SD!: Two of the songs on the new album ‘1967’ and ‘1974’ have been worked up by you and the band from old demos, how did those come about?

DC: Yes. One of them (‘1967’) is a really magical thing because you can actually hear me writing the song. We actually had the tape machine going while I was thinking up the song. It’s the only time I know of that that exists. You can hear me find the melody, right there on the tape. And then what we did was Michael said “There’s no rules, we can be a time machine, and take them right up to now and complete them.” And I said “Jeez, could we? It would be fun, there’s no law saying we can’t.” Michael and the girls said “Aw c’mon, let us at it!” and the result is what you heard. We wrote words to one of them and we completed the other. I think it’s fantastic that there’s a tape of a thing all the way from the first moment that you think the melody up. And it’s all there, the whole thing on tape.

SD!: Were you still in The Byrds when you recorded that demo or was it just after?

DC: I think it was right after, yeah.

Read more David Crosby on Here If You Listen

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More Kicks ‘It’s A Drag’

New young London powerpoppers who impress with high energy levels and maximum tunes


More Kicks formed at the end of 2017. Since then, they’ve appeared at gigs, club nights and festivals across London as well hopping over to Germany for their first tour overseas.

“It’s been interesting to me what people think we sound like,” says singer/guitarist Sulli (James Sullivan). “It’s always a bit worrying when people come up to you and say ‘You know who you remind me of?’ and then reel off some terrible bands. But we’ve had The Nerves, The Knack, Supergrass, Beatles, Buzzcocks, Undertones, Star Spangles. I think my favourite one was The Turtles played by The Boys – that’s a pretty weird and specific mix! Read more More Kicks ‘It’s A Drag’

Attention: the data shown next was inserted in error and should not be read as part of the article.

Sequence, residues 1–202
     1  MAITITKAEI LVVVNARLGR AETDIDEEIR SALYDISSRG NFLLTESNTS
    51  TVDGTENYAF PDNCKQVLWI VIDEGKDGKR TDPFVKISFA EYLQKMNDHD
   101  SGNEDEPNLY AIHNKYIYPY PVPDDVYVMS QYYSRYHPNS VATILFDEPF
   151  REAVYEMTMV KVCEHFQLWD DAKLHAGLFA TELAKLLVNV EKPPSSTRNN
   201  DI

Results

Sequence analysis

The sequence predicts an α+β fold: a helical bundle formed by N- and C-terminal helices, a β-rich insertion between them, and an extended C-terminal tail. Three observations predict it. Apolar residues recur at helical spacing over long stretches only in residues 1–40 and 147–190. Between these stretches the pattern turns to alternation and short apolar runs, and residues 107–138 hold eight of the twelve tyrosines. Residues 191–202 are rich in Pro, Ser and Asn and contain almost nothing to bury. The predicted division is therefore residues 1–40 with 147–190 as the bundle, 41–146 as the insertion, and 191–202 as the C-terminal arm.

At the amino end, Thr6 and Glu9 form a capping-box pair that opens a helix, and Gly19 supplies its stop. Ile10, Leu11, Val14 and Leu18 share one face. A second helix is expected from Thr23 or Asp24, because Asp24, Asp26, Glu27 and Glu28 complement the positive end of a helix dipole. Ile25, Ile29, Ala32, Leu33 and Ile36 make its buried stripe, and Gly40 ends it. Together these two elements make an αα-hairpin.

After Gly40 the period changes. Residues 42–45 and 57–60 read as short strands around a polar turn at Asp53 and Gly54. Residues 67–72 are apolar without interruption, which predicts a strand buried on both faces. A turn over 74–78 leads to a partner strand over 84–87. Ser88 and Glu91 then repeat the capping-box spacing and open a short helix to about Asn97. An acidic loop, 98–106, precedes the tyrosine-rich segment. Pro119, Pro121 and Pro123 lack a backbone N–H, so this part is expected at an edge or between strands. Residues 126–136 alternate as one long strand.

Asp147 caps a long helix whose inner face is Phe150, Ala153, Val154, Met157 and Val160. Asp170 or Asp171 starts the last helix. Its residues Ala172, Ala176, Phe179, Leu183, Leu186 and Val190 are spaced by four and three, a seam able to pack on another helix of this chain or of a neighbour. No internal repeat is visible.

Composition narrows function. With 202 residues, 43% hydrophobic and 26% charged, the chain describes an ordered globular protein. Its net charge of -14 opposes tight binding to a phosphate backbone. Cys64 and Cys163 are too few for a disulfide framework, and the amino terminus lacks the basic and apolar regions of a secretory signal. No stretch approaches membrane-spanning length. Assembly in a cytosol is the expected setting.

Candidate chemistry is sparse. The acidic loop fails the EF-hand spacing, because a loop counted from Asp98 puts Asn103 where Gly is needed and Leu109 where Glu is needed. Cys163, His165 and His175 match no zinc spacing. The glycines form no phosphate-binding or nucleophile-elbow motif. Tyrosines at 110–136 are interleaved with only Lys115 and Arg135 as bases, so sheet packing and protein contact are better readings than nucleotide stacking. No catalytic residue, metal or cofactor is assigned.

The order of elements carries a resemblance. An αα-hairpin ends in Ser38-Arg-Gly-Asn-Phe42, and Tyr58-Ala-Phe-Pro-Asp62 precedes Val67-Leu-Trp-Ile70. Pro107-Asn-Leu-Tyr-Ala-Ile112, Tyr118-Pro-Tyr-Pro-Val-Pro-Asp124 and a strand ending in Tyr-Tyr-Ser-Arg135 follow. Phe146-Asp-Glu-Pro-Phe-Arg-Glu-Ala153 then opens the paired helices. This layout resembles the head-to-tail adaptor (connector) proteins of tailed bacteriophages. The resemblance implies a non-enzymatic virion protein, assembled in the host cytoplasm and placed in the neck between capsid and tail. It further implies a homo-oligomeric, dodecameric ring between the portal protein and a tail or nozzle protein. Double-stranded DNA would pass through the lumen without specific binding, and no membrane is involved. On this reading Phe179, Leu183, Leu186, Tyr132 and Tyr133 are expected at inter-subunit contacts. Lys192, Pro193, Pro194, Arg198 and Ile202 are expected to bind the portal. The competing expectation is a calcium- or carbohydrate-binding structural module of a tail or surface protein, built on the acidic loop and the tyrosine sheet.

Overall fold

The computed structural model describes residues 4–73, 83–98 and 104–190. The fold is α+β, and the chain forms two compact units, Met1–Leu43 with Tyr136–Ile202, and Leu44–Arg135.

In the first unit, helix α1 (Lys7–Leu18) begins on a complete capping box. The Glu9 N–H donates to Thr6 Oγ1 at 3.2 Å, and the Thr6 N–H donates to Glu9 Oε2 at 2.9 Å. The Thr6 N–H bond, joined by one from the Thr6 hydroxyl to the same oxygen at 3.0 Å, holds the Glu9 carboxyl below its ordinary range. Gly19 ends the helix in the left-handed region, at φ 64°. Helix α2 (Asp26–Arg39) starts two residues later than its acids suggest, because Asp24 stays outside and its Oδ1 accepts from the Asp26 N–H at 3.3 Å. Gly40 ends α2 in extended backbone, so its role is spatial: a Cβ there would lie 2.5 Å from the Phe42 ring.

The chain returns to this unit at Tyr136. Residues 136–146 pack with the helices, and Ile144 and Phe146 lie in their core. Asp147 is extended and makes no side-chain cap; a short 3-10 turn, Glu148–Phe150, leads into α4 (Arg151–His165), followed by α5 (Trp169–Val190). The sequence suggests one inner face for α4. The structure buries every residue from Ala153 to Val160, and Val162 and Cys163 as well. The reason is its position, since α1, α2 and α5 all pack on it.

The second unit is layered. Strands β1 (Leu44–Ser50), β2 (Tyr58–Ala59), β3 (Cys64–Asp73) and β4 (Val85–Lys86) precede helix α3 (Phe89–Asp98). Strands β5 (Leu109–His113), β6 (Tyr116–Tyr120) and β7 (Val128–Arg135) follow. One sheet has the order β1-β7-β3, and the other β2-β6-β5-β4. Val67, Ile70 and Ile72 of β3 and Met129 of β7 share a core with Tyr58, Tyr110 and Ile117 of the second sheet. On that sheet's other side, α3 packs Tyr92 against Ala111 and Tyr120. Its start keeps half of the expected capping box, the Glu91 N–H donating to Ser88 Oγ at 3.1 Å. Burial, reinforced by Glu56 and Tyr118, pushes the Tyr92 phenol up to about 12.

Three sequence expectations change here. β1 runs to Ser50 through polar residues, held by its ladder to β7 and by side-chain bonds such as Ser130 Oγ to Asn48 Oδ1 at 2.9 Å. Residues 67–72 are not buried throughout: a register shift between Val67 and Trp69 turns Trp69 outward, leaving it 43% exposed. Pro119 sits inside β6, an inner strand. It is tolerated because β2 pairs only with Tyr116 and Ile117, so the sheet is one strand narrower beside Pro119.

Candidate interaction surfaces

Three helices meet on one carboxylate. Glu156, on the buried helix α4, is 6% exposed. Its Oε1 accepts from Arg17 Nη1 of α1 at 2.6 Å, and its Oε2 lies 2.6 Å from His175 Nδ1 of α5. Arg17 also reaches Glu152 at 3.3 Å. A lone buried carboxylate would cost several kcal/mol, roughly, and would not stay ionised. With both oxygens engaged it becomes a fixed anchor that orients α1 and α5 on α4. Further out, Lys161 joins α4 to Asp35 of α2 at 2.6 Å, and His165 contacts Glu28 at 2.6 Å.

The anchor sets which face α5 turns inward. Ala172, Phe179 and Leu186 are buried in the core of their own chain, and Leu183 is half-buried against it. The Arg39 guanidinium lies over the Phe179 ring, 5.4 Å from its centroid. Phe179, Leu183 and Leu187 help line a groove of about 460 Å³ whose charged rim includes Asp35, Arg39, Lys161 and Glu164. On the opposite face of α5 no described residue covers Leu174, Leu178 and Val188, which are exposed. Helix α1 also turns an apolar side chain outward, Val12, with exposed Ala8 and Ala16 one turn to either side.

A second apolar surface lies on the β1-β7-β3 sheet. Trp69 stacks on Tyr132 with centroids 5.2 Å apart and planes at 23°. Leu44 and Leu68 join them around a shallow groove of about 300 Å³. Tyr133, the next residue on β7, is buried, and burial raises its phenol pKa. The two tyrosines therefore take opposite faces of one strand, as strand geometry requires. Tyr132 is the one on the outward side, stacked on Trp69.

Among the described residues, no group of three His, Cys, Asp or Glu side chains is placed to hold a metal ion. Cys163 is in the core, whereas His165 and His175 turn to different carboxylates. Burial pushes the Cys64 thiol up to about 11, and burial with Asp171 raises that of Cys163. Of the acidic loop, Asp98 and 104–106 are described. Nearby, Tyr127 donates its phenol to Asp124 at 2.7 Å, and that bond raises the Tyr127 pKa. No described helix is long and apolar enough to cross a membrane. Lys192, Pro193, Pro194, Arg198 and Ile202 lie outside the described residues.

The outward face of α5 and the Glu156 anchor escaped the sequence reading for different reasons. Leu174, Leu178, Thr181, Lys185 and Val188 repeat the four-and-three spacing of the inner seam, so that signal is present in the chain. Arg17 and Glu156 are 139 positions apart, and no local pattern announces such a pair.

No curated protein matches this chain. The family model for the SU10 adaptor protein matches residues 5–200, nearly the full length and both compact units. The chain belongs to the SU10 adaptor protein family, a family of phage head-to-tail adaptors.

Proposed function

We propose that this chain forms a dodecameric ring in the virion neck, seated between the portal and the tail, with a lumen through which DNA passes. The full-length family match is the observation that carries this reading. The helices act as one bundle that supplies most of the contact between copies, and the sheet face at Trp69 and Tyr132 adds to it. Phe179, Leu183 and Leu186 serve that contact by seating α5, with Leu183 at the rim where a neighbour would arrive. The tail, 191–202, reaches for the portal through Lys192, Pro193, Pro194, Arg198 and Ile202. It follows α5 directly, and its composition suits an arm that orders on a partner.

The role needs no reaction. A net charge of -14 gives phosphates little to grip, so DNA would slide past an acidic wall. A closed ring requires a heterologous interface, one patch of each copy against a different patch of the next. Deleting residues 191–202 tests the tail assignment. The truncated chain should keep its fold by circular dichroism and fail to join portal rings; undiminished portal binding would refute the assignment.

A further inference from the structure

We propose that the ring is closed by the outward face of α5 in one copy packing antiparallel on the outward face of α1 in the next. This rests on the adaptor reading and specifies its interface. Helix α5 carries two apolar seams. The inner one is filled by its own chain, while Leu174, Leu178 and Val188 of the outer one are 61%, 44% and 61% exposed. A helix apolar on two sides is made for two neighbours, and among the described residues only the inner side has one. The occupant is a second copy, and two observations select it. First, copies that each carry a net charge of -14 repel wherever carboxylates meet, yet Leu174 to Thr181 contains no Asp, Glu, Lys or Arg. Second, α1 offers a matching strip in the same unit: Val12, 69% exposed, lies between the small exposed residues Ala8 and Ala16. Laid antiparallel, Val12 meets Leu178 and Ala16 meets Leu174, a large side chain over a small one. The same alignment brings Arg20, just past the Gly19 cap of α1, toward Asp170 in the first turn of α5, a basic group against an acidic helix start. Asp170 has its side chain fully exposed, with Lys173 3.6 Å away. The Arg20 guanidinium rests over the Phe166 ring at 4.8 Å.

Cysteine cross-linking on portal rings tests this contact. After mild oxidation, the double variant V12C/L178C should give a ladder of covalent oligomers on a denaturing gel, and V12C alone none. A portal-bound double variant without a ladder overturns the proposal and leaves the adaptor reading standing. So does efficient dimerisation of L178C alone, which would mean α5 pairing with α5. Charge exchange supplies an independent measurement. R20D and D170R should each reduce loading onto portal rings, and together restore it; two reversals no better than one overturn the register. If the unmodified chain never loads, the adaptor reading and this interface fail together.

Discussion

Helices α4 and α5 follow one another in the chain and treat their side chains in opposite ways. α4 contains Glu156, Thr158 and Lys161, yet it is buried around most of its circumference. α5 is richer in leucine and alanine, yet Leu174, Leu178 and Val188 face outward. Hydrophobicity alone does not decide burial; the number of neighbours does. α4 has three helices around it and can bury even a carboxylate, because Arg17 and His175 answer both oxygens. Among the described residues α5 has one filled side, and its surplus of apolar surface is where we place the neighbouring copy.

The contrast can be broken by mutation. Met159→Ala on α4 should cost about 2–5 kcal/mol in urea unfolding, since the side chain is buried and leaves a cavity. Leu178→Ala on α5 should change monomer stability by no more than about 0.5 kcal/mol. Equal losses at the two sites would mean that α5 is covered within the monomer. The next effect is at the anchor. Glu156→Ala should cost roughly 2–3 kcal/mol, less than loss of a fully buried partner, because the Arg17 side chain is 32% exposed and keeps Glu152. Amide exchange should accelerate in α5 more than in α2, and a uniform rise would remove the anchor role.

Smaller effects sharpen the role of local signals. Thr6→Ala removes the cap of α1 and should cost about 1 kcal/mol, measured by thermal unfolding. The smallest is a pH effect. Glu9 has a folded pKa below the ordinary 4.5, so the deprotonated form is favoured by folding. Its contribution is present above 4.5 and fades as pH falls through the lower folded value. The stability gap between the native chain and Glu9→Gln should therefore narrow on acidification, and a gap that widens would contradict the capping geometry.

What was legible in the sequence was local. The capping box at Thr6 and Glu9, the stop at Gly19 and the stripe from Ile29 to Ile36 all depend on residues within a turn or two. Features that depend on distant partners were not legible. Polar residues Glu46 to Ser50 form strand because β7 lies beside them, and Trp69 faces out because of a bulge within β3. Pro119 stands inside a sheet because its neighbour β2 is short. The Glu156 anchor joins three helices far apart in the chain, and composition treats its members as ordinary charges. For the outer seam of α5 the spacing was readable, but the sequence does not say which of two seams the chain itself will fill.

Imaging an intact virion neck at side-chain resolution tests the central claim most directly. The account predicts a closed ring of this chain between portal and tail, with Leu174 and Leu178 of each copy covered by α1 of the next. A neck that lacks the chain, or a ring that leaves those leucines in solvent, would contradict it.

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Let Me Whisper In Your Ear – Big Star’s advocates

CAMILLA AISA surveys, and compiles a playlist of, the ladies and gentlemen who made it all so probable for us to rediscover Chris Bell, Alex Chilton and Big Star


 

 

 

 

 

 

 

 

BIG STAR
I Am the Cosmos (live) (Chilton, Stephens, Posies)
Recorded live in a Chicago Summer night, back in 1994 when second-era Big Star was made of Alex Chilton, Jody Stephens and Posies Jon Auer and Ken Stringfellow. A rousing cover of Chris Bell’s only solo single, with Chilton paying homage to the McCartney to his Lennon (or viceversa, depends on where you’re standing). Consider this, and you’ll find that there’s something intensely moving about hearing him sing “I’d really like to see you again”.

 

 

 

 

 

 

 

 

TOMMY KEENE
Nighttime 
Talking about emotional situations triggered by great songs, for us proud fan(atic)s it rarely gets more gripping than this: cult heroes of reclaimed powerpop glory honouring one another. Here the late Tommy Keene reaches into the Third material and finds ‘Nighttime’. As he proceeds with his earnest cover, he’s gently reminding us all why, deep down, we’ll always stubbornly think of guitar strumming as the most poetic act a human being is capable of.

 

 

 

 

 

 

 

 

SQUIRE
September Gurls 
The Radio City gem is not only a fan favourite but a peer favourite, too. The Searchers recorded ‘September Gurls’ for the second of their acclaimed comeback albums, 1981’s Love’s Melodies, while five years later The Bangles would welcome the Big Star classic into a world of indebted jangle pop and eager new wave (and the song would also prove irresistible to fellow nostalgics Absolute Grey). Meanwhile, in the UK mod revivalists Squire released it as a single in 1984. Listening back to all these tales of December boys and desired girls a pattern is made clear: all covers are inescapably reverent. And yes, it almost makes you want to complain about lack of imagination. But then think about the original for a moment…who would change a thing of perfection?

 

 

 

 

 

 

 

 

TEENAGE FANCLUB
Free Again 
This is not the clever rework some might expect. This is, quite simply, what it sounds like to pick up some instruments and play an Alex Chilton song: a blast. Back in 1992, the Teenage Fanclub guys already knew it better than anybody else. Norman Blake would later explain: “I think Alex saw something of himself in us, in our attitude and approach to making music. I think he passed it on to us and we’ve passed it on to another group of musicians. Alex was definitely a kindred spirit of ours.” So much so that Free Again could easily pass for a Fannies original. Read more Let Me Whisper In Your Ear – Big Star’s advocates